U.S. Judge: DOJ Merchant Antitrust Case Against Amex May Proceed

This story was updated at 9:40 EDT on May 8.

A federal judge on May 7, ruled that an antitrust lawsuit brought by the Justice Department and several states challenging merchant rules imposed by American Express Co. may proceed to trial.

Filed in 2010, the lawsuit alleges Amex’s rules prevent merchants from offering consumers discounts and incentives to use less-expensive forms of payment. The Justice Department also had sued Visa and MasterCard, and both quickly settled.

In a statement, Amex noted that the court ruled that it would have to hear all the evidence at trial before making a decision in this case.  "American Express continues to believe that it has strong defenses to the DOJ lawsuit and will defend the case vigorously," the company said.

Amex traditionally has said merchants may pay more to accept its cards, but they also benefit from the card brands’ relatively wealthy cardholders, who generally spend more and buy more often than other cardholders.

And while Amex also contends it lacks market power to influence merchants, U.S. District Judge Nicholas Garaufis of Brooklyn said the government wasn’t required to prove market power to make a successful antitrust claim.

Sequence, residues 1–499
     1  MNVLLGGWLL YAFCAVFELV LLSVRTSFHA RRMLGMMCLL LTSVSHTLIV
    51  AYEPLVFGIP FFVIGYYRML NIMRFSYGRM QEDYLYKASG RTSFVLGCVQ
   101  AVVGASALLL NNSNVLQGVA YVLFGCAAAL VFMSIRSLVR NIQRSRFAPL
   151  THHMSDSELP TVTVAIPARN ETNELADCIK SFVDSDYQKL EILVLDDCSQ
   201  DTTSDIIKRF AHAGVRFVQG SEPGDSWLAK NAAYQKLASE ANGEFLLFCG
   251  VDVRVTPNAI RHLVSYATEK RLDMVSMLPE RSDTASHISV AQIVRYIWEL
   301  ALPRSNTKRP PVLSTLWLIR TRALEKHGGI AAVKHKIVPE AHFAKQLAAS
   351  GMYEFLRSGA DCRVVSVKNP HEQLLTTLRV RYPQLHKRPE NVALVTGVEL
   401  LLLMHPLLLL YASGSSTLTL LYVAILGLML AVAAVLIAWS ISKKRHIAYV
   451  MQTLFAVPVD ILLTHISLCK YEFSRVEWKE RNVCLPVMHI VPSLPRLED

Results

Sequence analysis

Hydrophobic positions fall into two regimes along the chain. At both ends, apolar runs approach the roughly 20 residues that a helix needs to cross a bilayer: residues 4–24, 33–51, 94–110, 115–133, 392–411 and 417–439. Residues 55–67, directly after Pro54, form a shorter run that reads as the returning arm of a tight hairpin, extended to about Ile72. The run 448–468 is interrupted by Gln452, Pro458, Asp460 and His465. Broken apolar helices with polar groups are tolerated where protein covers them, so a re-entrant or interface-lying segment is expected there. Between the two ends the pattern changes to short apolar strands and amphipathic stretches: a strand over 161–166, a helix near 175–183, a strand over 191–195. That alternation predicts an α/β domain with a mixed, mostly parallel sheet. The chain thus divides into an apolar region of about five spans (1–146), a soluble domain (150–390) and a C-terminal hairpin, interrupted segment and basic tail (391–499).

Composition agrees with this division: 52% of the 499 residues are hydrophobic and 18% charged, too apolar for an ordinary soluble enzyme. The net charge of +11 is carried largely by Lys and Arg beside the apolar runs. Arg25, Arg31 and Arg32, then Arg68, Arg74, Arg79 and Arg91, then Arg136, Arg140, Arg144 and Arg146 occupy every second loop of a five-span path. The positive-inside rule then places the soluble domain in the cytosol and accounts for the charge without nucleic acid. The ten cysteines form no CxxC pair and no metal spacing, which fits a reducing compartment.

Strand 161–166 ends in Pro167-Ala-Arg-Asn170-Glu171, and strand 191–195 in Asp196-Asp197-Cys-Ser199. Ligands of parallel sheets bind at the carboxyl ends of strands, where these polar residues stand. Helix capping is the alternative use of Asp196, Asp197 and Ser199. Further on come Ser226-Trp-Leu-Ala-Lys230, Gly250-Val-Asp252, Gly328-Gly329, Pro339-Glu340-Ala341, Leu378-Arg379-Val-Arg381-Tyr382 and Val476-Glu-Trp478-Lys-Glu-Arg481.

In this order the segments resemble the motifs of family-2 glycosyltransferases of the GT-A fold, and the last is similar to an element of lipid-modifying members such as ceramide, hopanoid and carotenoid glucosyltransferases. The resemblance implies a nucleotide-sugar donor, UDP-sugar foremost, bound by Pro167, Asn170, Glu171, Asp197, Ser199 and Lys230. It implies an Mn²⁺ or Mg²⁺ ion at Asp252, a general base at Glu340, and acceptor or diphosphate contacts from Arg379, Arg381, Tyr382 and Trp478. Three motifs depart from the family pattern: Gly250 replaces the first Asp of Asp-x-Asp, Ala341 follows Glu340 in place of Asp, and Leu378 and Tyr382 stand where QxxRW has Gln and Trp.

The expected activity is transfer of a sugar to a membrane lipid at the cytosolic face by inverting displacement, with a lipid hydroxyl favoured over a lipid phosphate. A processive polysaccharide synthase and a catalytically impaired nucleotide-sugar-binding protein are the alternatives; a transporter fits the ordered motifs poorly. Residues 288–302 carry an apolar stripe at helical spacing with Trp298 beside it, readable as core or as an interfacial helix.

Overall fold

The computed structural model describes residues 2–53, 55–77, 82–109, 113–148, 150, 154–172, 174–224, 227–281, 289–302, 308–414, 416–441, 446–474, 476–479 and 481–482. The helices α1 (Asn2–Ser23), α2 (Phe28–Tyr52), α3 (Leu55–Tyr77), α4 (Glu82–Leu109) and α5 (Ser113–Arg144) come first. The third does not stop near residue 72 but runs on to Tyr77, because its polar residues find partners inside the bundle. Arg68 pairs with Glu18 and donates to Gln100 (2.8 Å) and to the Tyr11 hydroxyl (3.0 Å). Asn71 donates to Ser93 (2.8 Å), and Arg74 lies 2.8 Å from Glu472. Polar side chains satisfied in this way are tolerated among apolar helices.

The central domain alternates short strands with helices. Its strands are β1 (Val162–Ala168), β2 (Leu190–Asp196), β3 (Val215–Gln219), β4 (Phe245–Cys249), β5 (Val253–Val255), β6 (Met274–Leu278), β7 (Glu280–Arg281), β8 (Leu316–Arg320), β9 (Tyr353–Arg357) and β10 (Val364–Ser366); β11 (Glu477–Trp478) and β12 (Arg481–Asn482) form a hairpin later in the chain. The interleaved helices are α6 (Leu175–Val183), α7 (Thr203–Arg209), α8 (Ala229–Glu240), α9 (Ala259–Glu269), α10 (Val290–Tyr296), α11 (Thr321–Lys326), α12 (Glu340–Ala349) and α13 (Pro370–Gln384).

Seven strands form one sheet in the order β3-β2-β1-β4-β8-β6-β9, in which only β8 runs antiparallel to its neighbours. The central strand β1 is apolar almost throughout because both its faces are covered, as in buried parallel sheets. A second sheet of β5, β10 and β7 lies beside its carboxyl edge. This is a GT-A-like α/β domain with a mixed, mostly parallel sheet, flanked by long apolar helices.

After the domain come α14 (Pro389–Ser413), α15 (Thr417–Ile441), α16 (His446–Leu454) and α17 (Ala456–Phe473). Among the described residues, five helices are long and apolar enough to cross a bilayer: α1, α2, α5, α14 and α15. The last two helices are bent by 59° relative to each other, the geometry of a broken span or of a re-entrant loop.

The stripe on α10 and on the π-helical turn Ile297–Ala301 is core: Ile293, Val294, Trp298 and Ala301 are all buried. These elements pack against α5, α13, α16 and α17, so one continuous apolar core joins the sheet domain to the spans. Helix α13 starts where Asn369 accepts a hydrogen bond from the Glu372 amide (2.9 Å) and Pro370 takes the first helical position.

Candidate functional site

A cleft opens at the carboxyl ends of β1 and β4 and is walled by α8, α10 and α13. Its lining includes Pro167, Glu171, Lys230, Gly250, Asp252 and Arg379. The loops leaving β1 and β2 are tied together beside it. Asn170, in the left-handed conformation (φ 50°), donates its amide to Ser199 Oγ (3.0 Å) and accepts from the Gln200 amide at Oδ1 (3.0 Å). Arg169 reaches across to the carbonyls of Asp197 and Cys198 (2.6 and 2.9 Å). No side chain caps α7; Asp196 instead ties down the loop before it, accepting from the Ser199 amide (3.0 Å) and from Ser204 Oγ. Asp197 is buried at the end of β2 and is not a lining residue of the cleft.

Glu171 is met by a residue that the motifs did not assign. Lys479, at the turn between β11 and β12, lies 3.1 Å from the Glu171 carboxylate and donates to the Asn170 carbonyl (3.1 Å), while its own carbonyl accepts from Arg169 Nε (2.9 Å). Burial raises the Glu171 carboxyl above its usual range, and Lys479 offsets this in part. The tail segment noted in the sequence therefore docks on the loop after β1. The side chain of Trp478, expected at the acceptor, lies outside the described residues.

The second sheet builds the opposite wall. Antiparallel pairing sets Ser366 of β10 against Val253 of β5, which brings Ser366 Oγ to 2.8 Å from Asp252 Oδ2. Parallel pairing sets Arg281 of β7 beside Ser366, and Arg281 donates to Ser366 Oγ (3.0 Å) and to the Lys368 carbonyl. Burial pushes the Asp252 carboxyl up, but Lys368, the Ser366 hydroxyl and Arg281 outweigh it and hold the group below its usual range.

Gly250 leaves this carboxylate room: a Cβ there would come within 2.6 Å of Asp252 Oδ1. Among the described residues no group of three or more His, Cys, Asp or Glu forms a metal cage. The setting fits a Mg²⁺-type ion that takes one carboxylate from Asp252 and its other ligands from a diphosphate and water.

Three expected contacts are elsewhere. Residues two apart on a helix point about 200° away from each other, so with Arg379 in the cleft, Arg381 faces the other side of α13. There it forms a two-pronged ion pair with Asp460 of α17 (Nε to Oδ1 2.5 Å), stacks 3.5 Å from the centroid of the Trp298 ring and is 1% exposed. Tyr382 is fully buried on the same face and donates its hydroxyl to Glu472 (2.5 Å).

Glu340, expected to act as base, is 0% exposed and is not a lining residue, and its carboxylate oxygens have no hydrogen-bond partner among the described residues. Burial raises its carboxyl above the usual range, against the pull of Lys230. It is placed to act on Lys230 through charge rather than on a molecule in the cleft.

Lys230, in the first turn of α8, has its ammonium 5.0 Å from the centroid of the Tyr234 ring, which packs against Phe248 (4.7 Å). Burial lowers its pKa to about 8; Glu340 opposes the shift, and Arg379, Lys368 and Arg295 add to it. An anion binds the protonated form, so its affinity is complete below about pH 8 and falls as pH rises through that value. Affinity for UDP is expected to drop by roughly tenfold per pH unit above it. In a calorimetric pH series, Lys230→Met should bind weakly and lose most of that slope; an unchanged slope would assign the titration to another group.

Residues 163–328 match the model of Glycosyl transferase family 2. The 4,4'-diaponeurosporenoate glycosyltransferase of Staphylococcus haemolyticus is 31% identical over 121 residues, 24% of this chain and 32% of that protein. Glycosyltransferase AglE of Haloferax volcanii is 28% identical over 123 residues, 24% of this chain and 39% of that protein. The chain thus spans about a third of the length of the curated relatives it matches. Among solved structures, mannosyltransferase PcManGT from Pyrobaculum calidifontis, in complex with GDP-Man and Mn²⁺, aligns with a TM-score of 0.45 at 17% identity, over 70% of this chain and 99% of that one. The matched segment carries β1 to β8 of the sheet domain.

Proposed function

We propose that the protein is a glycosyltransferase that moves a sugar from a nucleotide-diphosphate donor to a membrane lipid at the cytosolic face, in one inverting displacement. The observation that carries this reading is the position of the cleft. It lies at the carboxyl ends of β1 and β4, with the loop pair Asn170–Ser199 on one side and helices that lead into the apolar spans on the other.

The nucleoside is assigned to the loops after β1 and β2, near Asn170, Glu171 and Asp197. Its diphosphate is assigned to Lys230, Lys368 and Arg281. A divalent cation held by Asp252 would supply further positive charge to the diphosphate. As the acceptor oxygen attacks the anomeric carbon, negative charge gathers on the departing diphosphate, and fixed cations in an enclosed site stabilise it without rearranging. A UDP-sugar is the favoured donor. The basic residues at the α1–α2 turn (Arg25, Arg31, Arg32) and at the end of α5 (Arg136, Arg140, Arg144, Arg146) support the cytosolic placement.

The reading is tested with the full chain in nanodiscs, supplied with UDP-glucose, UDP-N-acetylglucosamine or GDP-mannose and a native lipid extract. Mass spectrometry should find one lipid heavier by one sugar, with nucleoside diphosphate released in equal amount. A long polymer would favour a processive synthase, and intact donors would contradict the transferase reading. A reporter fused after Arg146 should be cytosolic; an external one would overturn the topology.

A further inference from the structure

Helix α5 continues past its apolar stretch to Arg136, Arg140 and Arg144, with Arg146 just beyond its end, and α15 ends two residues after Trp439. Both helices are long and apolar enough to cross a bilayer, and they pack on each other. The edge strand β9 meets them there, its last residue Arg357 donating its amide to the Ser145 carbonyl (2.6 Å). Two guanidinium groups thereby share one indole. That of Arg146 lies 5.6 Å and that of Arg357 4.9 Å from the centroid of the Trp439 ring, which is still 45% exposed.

In separate cases against Amex, the U.S. Supreme Court last June blocked a merchant class-action suit that alleged Amex used its dominant position to “compel” merchants to accept its payment cards. The court, in a 5-3 decision, ruled that merchants who brought that suit must arbitrate their claims.

Amex in December also agreed to settle two outstanding merchant class-action claims challenging the company’s card-acceptance agreements.

"What's Hot" is aggregated content. claims no responsibility for the accuracy of the content published by the original source.




The How We Shop Report, a PYMNTS collaboration with PayPal, aims to understand how consumers of all ages and incomes are shifting to shopping and paying online in the midst of the COVID-19 pandemic. Our research builds on a series of studies conducted since March, surveying more than 16,000 consumers on how their shopping habits and payments preferences are changing as the crisis continues. This report focuses on our latest survey of 2,163 respondents and examines how their increased appetite for online commerce and digital touchless methods, such as QR codes, contactless cards and digital wallets, is poised to shape the post-pandemic economy.

1 Comment